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Gambian President Adama Barrow is Paving the Way to a Second Term
Image: President Adama Barrow Motorcade by Chrisroberts-192 is licensed under CC BY-SA 4.0

Adama Barrow came into office at the head of a coalition of political parties determined to unseat President Yahya Jammeh from a 21 years stint in office. By all accounts, Jammeh lost in a fair election but refused to concede defeat until an ECOWAS military mission forced him from office. Barrow entered the State House with a promise to avoid another decades-long dictatorship. Barrow committed to holding elections after a three-year (instead of the usual five-year) term. The coalition that brought him to power planned to separate and run as opponents. That three-year term ended in January of last year.

Since taking office, Barrow has been acting like someone looking to stay. Barrow installed Jammeh loyalists to his cabinet. This caused a bitter dispute with his United Democratic Party (UDP) coalition members. Barrow formed a new political party, the National People’s Party (NPP), at the end of December 2019. The move allows him to contest election results without seeking permission from UDP members. An aide to the President made it clear Barrow plans to remain in office until the end of the traditional five-year term.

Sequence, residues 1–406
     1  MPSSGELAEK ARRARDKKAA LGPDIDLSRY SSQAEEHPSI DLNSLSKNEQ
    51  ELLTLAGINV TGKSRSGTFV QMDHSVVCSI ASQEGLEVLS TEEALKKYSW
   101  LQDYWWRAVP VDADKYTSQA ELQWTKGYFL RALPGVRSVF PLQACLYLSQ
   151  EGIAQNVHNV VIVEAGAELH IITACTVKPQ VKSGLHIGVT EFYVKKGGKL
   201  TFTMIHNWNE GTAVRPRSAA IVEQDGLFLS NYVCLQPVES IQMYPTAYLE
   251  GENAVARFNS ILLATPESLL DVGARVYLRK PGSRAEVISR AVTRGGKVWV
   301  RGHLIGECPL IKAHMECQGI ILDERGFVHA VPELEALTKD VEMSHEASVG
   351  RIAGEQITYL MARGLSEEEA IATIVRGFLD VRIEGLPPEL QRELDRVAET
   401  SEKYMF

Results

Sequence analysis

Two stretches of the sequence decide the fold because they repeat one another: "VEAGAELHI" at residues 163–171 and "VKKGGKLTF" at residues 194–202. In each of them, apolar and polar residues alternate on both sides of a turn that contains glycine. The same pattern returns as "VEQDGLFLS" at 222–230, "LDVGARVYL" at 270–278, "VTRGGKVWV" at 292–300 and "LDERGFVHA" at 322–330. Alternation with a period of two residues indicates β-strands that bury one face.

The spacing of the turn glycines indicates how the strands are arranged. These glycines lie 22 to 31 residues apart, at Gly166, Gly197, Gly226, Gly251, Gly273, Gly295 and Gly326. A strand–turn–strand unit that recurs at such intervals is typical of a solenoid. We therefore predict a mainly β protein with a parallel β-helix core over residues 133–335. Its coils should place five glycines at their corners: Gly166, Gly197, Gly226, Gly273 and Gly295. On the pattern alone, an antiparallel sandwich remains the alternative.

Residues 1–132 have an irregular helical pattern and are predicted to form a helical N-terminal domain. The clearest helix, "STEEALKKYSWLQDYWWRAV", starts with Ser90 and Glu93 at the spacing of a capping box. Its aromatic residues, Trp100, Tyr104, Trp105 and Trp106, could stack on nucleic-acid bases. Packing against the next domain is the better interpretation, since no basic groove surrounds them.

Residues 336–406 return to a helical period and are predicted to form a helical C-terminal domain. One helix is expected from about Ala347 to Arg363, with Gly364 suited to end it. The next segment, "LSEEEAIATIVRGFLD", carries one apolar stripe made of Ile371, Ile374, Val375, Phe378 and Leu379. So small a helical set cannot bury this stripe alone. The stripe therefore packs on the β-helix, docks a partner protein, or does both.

Barrow is not doing anything illegal by remaining but, the region has a track record with political leaders wearing out their welcome. Indeed, Barrow is only the third president of Gambia since its independence from the UK in 1965 and has caused several “red flags” during his tenure. After the “3-Years, Jotna” (three years, it’s time) rallies brought protesters to the streets, the group was banned and its organizers jailed, released, and jailed again. Barrow oversaw the defeat of a referendum that would have added presidential term limits to the constitution. Others have reported abuses of power by his administration. Most notable, however, is how little the country has changed since Barrow took control.

It’s ironic that Barrow rallied behind the slogan, “Gambia Has Decided” when Jammeh refused to leave. It seems, for now, Barrow has decided to stay.

By Adam Ragozzino

Adam Ragozzino is a Boston-based analyst who has worked as a research and policy analyst in the US. Currently, he is an independent consultant and runs Acies Lumen, LLC, a fledgling geopolitical research firm. He writes about international affairs and conflict with a particular focus on Africa. When not chained to a desk or under lockdown, you can find him riding or skiing in the northeast US.

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